The prevention of alpha-gal syndrome is the prevention of tick bites. One should avoid places where ticks live such as in grassy or wooded areas. Wear long-sleeved shirts and pants. Wear hats and gloves. Use insect repellants, especially containing DEET. Check yourself and your pets for ticks after being outdoors in the grass or woods. Taking a shower after you return from outside may remove unattached ticks. If bitten, remove the tick as soon as possible either by yourself or by a physician in an emergency room. Do not squeeze or squash the tick. Let your physician know if you have been bitten by a tick as there are other diseases that can be caused by tick bites. Some of these diseases may include Lyme disease, Rocky Mountain spotted fever, Tularemia, Babesiosis, Ehrlichiosis, Rickettsiosis, Tick-borne encephalitis, Relapsing fever, Q Fever, Anaplasmosis, and Powassan.
The treatment of alpha-gal syndrome is also simply prevention. It is important to avoid the ingestion of mammalian meat and any other products made from mammals such as gelatin or milk products. Furthermore, one should avoid getting bitten again by ticks as it is thought that subsequent Lone Star tick bites may cause more severe disease if exposure to mammalian meat occurs.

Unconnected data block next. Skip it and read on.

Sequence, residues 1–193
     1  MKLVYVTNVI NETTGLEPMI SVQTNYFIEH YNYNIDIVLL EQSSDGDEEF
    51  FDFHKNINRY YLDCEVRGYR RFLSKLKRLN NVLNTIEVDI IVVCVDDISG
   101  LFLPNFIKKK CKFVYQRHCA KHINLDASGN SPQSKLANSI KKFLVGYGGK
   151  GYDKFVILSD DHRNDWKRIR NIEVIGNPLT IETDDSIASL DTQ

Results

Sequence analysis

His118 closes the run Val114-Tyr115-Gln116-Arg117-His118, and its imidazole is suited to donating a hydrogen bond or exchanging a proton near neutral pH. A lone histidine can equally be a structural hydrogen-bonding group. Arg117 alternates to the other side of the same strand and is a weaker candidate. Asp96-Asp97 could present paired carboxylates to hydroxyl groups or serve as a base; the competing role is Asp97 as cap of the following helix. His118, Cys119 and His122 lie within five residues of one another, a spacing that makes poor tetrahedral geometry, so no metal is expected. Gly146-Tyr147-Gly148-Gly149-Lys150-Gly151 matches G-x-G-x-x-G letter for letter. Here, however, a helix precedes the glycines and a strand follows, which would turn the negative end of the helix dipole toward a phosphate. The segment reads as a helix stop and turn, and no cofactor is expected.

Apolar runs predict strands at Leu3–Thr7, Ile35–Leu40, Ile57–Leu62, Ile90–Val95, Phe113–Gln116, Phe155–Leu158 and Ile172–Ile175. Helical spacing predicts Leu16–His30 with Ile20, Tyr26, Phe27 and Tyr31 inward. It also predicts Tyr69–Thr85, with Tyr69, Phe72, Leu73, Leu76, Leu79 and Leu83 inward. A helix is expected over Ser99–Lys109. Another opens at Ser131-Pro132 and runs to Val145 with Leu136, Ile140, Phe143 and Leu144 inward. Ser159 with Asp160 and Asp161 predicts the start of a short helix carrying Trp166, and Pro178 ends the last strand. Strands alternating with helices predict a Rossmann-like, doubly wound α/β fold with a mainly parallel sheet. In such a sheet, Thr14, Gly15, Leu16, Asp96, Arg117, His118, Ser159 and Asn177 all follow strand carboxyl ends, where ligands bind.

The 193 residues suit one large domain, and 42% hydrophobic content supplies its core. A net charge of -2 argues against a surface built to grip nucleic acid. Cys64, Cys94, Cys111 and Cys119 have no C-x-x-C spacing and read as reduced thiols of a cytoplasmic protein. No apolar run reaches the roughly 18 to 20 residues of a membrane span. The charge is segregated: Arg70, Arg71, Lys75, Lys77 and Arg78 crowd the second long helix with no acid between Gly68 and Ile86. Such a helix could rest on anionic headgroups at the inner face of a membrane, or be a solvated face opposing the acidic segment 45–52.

The board certified allergy specialists at Black & Kletz Allergy have been diagnosing and treating alpha-gal syndrome and food allergies in both adults and children for more many years in the Washington, DC, Northern Virginia, and Maryland metropolitan area. We have 3 office locations, all of which offer on-site parking. Our offices are located in Washington, DC, McLean, VA (Tysons Corner, VA), and Manassas, VA. The Washington, DC and McLean offices are Metro accessible and there is a free shuttle that runs between our McLean, VA office and the Spring Hill metro station on the silver line. For an appointment, please call us at one of our locations or alternatively, you can click Request an Appointment and we will respond within 24 hours by the next business day. The allergy specialists at Black & Kletz Allergy have the expertise in alpha-gal syndrome and food allergies. Our goal is to serve the greater Washington, DC metro community with first-rate allergy care with boundless commitment and great pride as we have done for over 50 years.